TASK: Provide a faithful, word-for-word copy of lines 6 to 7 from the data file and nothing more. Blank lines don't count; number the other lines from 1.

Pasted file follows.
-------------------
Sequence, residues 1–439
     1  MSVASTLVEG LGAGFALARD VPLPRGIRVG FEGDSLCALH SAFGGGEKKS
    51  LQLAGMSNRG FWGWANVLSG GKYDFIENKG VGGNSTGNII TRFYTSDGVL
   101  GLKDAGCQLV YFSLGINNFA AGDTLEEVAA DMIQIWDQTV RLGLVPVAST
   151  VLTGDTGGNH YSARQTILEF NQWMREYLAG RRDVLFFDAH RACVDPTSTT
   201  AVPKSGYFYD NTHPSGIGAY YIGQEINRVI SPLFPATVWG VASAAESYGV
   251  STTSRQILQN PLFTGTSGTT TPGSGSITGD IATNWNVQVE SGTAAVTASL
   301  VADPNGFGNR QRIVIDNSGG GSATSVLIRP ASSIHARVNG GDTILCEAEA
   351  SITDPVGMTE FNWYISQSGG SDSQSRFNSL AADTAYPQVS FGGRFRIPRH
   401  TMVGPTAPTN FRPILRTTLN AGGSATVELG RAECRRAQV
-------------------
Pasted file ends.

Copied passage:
   201  AVPKSGYFYD NTHPSGIGAY YIGQEINRVI SPLFPATVWG VASAAESYGV
   251  STTSRQILQN PLFTGTSGTT TPGSGSITGD IATNWNVQVE SGTAAVTASL